We do not know how long we have on this earth and we should live each day as if it is our last. We should be quick to say sorry (and mean it) and be willing to back down to save an argument.

    I am learning that people will never be who we think they ought to be. However painful it may be, we must move on.

    • Rose Mary Griffith
      | Reply

      You are so right about that, Phoenicia. Maybe you will have a chance to change your relationship with your Mother–it’s so hard. We are alike or we’re super different and that meeting place can be difficult to find for sure.

  5. Debbie Clark Ludwig
    | Reply

    I lost my mother that very same year to lung cancer also. She aggravated me like no one else could but I miss her so very much. I long to hear one of those endless stories that I had heard so many times It made crazy. She pushed my buttons but no one in the world loved me quite the way she did. She saw all of her children with loving kind eyes. I only wish that I was the person that I was in my mothers eyes. I will forever miss her presence in my life.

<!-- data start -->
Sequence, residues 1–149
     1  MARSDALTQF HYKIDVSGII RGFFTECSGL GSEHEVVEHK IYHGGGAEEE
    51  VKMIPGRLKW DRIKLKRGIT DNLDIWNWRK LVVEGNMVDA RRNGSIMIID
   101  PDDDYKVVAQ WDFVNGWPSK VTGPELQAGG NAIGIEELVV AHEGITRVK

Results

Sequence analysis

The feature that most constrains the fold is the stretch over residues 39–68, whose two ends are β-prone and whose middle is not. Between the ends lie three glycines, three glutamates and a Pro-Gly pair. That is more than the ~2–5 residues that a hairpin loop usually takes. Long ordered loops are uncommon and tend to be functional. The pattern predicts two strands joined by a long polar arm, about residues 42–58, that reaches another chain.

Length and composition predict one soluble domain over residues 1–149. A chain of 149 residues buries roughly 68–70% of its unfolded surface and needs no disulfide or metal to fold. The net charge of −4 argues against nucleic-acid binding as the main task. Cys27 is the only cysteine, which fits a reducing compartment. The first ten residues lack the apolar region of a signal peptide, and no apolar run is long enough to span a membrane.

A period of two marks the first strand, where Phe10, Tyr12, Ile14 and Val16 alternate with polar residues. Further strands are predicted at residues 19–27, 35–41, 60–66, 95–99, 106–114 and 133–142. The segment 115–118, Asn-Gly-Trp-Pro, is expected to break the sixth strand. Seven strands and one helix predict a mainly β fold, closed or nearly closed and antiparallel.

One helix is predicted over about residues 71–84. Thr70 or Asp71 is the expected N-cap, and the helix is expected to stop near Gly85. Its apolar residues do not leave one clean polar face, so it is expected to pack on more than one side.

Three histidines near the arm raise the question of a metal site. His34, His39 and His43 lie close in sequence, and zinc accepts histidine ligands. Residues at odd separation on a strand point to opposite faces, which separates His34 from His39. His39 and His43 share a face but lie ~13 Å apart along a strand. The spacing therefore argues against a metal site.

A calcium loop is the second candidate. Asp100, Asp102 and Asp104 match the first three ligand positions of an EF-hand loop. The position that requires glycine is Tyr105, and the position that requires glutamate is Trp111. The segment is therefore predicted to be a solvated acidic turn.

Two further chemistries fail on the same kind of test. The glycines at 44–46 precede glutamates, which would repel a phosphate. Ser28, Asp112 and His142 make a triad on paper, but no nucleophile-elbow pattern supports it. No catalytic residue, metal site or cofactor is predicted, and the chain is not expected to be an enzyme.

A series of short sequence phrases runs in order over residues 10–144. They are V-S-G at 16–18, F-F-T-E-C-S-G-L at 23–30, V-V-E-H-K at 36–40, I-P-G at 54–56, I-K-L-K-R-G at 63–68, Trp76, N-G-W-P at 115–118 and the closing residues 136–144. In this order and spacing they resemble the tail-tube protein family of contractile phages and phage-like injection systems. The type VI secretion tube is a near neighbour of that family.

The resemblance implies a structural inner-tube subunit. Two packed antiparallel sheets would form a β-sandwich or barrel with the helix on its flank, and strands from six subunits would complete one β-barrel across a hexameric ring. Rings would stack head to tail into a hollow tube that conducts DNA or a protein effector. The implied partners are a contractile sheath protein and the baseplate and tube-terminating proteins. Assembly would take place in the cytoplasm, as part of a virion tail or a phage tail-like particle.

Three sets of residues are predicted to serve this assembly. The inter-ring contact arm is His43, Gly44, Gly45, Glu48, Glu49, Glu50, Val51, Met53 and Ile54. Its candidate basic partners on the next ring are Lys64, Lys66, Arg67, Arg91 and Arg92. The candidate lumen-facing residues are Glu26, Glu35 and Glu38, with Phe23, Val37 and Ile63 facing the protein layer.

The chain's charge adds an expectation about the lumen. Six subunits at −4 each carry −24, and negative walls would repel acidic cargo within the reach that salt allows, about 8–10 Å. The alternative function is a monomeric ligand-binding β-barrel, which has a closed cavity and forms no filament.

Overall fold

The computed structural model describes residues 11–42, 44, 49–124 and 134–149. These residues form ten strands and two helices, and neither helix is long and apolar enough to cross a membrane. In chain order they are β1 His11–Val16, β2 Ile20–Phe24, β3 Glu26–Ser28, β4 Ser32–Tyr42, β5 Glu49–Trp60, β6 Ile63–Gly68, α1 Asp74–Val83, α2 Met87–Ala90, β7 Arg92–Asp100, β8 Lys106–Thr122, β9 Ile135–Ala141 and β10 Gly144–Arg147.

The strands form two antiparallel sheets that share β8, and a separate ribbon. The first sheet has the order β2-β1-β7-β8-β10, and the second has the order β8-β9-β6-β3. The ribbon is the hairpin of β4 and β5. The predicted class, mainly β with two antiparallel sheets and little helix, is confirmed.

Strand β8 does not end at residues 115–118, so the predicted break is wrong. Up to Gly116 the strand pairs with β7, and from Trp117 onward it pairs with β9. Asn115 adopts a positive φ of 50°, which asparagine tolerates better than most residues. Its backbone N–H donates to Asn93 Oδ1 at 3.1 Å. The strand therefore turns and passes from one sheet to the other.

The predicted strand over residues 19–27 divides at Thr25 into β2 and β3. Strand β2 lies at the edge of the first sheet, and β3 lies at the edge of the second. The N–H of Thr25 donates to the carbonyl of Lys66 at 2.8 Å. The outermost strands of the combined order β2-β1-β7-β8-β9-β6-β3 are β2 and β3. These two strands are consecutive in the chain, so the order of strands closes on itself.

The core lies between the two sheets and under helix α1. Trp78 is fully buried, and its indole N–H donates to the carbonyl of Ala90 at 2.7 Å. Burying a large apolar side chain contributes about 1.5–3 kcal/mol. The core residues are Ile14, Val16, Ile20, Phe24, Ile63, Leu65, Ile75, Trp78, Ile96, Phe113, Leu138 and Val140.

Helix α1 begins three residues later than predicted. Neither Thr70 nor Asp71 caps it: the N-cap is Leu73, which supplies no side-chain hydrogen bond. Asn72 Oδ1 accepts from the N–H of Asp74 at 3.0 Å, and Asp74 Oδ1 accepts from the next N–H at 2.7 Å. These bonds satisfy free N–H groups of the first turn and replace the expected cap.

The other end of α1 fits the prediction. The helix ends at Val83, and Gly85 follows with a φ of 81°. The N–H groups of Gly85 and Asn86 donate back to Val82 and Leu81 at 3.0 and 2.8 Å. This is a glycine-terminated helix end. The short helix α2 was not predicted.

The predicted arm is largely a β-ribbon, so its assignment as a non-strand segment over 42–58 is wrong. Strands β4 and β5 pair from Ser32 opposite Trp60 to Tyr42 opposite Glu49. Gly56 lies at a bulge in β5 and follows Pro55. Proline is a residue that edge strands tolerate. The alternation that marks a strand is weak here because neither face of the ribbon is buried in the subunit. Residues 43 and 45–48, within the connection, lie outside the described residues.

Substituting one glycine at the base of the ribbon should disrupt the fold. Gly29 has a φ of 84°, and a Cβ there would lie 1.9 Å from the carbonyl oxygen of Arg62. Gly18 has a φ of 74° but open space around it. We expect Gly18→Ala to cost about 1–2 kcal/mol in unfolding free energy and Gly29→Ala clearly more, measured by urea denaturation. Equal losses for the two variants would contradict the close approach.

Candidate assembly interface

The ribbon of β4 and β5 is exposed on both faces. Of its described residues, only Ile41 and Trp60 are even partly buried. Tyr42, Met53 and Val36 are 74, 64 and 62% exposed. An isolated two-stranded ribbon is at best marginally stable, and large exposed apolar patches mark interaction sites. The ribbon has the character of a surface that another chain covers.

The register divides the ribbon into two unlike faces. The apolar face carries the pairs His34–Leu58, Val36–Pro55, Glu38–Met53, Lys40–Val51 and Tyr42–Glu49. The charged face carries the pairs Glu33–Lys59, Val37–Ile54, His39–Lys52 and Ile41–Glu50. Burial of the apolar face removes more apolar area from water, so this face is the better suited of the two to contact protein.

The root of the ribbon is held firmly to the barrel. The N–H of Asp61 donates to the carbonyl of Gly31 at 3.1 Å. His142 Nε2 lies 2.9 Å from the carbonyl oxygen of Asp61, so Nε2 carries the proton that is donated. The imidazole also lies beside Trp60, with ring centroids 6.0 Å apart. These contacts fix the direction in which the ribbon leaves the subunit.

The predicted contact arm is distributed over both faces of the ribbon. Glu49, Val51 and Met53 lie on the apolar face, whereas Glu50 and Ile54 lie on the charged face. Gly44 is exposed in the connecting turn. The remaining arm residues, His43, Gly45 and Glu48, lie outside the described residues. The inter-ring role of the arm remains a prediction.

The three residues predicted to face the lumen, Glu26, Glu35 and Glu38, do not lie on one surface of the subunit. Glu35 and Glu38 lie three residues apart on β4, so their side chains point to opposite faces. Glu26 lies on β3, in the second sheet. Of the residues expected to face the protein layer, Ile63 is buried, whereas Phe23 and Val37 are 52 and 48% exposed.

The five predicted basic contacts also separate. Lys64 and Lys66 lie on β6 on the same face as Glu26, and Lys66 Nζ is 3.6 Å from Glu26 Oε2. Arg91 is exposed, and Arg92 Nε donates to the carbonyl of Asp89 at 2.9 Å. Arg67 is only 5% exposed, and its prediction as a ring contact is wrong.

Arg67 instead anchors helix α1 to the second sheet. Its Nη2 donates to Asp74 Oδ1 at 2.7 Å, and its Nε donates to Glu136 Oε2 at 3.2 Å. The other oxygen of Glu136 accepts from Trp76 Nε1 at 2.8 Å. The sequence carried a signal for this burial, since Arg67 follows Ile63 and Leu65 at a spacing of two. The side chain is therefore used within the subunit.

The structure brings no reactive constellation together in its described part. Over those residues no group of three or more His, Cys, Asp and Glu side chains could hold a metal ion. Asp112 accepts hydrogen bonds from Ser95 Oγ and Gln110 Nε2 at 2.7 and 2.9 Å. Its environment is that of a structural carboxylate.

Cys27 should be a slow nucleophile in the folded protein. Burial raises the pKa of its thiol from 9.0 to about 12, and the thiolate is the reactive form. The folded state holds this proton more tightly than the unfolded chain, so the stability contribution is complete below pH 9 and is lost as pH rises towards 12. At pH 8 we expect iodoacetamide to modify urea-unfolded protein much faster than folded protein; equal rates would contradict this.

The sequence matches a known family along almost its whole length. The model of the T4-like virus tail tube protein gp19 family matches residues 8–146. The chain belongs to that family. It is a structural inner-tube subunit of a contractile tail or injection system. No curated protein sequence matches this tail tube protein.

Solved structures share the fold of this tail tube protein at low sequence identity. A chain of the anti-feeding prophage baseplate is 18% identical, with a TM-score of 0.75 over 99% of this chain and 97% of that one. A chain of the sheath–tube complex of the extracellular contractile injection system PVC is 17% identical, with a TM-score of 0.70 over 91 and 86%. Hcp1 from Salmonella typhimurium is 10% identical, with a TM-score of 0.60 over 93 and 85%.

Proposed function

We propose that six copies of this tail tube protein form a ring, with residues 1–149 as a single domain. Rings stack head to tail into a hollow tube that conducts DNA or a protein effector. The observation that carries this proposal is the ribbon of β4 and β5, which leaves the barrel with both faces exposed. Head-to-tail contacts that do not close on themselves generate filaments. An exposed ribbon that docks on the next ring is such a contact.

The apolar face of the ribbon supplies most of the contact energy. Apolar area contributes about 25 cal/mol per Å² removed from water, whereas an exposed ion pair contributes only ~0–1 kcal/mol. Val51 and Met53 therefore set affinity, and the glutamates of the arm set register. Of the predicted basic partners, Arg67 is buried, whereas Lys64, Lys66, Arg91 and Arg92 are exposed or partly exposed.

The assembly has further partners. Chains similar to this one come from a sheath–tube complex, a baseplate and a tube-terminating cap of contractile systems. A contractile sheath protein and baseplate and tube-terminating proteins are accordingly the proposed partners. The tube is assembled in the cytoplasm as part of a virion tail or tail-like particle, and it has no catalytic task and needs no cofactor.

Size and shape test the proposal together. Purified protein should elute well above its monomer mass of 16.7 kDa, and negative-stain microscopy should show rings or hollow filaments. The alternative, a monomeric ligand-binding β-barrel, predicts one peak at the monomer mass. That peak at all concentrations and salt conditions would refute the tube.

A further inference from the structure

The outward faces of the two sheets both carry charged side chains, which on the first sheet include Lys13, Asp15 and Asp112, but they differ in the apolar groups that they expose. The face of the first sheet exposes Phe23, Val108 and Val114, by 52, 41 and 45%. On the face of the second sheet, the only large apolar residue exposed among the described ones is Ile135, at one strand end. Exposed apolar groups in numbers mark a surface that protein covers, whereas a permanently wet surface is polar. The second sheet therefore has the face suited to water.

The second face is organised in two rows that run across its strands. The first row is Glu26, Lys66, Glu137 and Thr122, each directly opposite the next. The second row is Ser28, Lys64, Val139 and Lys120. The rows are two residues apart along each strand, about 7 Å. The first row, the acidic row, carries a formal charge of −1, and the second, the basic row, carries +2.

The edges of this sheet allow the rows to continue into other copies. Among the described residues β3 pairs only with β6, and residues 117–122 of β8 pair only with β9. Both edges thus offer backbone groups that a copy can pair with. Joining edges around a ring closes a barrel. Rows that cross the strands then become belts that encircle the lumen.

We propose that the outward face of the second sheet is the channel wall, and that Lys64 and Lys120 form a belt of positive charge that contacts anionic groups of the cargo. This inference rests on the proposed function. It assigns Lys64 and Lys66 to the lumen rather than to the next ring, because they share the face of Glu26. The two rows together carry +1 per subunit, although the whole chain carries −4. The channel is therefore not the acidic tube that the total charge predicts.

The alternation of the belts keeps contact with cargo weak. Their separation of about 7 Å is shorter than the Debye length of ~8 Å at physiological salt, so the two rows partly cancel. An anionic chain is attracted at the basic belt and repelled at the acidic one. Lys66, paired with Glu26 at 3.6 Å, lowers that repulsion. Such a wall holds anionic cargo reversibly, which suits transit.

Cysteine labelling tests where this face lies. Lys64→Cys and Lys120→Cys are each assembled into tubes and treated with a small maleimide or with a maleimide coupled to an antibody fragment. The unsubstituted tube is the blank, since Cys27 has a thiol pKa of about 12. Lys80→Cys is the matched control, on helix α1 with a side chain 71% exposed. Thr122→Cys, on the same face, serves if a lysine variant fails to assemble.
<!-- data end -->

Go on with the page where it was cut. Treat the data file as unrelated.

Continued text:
• Rose Mary Griffith
      | Reply

      Debbie, I’m not sure “glad” is an appropriate word, but I’m glad to hear that you had that same kind of relationship with your mom–it’s nice to know I was not alone in sometimes wanting to biff her a good one and other times hugging her like there was no one else on the planet!

      I am SURE that you are that person–we are too hard on ourselves!

  6. Doreen Pendgracs
    | Reply